With a dream start on the e-commerce front, Ravi Vora, VP-Marketing, Flipkart is taking the brand forward by bringing in new categories and building a digital platform to leverage it further.
Q] Tell us about the journey of the brand Flipkart from its inception till date...
From the beginning, the intention was to build a large online megastore, not restricted to books alone. However, there were reasons why we went with books first and added other categories later. Initially, there was no marketing spend. The idea was to build a great customer experience of shopping on the site, which we did fairly successfully. For the first three-and-a-half years, the entire growth was through word of mouth. People who had a positive experience with the brand actually went and talked about it to their friends and relatives and they in turn brought in more customers. Repeat rates were as high as 70%. What drove this word of mouth was the great selection that we had on our website, the discounts and delivery within the promised time. People were happy with the packaging. We were also giving away bookmarks, which people found very useful and attractive. That gave us a base of two to three lakh customers. That’s when we decided to bring in people unfamiliar with Flipkart to start experiencing our site. We did our first campaign in April, 2011 around the largest online bookstore. The idea was to convey how easy it is to get books online and the big collection available on the site. It was actually a thematic film. Then there were three other films which talked about features on our website -- Cash on delivery, 24x7 customer support and great deals. We also did a fair bit of print around it. It ran from April to mid- June, 2011.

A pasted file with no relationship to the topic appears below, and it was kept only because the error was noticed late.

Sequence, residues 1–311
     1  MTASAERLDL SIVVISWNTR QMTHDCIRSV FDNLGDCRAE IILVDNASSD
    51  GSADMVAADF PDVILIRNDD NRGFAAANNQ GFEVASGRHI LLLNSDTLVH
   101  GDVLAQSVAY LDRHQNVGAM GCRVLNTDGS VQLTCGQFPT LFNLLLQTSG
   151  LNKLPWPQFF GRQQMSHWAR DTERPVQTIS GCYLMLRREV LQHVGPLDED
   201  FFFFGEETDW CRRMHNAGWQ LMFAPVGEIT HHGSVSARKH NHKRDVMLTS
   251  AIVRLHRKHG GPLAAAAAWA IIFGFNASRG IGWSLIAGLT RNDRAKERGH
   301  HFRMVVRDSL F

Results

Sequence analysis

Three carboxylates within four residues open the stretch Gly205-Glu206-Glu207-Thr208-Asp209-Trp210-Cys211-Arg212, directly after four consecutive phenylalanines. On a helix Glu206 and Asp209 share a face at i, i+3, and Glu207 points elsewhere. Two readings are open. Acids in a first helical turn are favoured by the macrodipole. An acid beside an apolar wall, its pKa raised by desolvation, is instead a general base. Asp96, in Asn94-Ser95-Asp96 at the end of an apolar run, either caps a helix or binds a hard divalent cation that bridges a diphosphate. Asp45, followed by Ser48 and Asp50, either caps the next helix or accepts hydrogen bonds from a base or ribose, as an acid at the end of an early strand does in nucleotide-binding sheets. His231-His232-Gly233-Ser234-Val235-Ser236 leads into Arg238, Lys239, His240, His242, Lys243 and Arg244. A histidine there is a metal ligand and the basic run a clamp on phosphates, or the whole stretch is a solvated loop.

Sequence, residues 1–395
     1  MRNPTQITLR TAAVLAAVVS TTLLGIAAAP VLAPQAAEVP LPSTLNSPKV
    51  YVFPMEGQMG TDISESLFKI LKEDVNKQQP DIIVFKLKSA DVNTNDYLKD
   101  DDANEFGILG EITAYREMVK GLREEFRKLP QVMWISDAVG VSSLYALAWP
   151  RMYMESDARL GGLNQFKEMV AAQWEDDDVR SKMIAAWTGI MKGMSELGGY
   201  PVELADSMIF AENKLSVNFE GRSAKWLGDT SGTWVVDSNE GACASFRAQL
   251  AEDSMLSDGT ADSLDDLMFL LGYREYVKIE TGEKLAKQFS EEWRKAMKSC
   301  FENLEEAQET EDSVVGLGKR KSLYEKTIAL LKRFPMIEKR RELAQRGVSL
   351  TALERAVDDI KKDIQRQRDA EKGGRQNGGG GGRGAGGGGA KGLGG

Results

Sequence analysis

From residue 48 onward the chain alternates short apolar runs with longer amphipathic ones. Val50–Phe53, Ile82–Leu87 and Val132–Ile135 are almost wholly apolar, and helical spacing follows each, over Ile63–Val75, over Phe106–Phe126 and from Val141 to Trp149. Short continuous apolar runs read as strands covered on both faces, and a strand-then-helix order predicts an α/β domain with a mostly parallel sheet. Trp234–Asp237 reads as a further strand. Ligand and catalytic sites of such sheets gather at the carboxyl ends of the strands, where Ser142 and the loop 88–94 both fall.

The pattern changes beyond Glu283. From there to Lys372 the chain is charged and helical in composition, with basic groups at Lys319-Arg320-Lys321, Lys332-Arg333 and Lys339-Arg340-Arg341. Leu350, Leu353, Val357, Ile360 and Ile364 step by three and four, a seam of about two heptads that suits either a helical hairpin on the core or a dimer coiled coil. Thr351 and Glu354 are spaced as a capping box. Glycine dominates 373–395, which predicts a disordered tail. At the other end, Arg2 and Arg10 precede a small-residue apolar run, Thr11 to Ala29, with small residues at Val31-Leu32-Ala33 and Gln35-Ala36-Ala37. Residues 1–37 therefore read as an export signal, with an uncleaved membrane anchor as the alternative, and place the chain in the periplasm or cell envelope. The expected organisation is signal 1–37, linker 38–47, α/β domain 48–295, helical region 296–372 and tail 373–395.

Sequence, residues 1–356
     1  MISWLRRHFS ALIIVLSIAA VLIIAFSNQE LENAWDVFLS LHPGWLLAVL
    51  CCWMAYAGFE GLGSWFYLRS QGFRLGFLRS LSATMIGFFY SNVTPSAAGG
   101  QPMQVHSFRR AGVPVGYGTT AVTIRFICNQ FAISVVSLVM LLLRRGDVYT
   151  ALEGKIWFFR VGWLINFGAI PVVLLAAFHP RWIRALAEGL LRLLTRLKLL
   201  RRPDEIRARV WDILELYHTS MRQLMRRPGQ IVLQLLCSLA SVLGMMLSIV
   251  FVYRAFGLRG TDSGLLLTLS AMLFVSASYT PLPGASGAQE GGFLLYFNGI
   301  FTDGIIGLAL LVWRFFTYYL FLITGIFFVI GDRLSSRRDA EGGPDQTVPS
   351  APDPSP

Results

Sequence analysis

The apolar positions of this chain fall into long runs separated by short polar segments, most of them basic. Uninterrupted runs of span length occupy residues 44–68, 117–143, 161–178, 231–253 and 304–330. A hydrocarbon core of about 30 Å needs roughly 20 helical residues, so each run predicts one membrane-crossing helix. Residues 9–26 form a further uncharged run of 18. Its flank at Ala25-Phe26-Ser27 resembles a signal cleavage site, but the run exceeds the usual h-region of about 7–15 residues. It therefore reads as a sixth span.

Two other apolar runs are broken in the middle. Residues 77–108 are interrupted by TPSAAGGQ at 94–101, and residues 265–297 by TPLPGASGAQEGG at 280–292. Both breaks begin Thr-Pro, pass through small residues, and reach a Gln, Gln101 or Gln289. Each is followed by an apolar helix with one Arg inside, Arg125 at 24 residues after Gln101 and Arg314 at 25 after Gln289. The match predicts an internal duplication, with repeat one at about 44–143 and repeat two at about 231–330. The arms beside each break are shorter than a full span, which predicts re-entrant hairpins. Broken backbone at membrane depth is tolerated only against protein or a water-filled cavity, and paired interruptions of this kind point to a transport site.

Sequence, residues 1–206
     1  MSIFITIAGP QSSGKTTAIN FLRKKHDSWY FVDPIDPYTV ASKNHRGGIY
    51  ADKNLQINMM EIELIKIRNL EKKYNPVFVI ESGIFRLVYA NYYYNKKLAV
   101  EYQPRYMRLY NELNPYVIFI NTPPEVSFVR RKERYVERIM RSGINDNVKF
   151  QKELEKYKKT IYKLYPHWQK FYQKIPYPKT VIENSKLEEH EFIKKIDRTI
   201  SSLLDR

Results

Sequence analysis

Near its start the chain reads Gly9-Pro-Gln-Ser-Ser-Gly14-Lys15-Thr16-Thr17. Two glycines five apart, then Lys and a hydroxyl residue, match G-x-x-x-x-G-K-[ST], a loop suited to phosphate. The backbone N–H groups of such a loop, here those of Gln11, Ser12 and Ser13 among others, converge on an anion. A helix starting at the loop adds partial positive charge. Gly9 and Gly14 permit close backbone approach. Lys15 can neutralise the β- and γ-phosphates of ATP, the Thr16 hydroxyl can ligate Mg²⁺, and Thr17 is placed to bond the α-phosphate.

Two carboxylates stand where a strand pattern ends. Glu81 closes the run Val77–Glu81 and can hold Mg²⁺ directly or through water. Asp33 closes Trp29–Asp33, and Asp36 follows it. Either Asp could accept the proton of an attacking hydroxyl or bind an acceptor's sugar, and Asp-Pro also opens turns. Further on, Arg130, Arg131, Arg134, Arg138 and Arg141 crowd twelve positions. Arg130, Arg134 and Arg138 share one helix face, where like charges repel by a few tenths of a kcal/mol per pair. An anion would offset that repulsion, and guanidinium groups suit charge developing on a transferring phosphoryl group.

Q] You also launched mobiles and consumer durables on your website during the same period. Why wasn’t there much communication around it?
The base that we had built thus far was around books. The intention behind the film was awareness generation about Flipkart. We were actually hoping to leverage the base that we had built up in the larger towns. So, it was around the positive experience that book buyers had with Flipkart.It wasn’t to give new reasons for people to shop.
Q] You’ve talked about your website’s features in your current communication. What stand do you plan to take going forward?
We have spoken about what Flipkart offers, and ‘what is stopping people from shopping online’. For example, our cash on delivery option actually took away the fear of online payments which a lot of people had, including fears like sharing credit card details or paying before the product is received. In the second campaign, we were actually moving into the electronic space where people have concerns about the products, whether they will receive it in proper shape and whether warranties will apply. So we did a film around our 30-day replacement guarantee. The third film was around the warranties.
Q] You’ve used kids in your commercial. While it helps you break the clutter, what were the other reasons behind the casting?
The primary reason was to break the clutter. We were clear about what we wanted to do – bring down barriers to online shopping and make people comfortable with the concept. Kids managed to give the campaign a breath of freshness, the engagement factor and humour that people want to go back to. All our numbers and metrics have moved in the right direction and actually beyond what we expected.
Q] What was your quantitative objective for the campaign and how much of the target have you achieved?
The traffic that we goton the site more than doubled over two months. The conversion rates and average order size remained the same and this doubling of traffic actually doubled the turnover. So last month, we had a turnover of Rs 60 crore, which is double the August figure.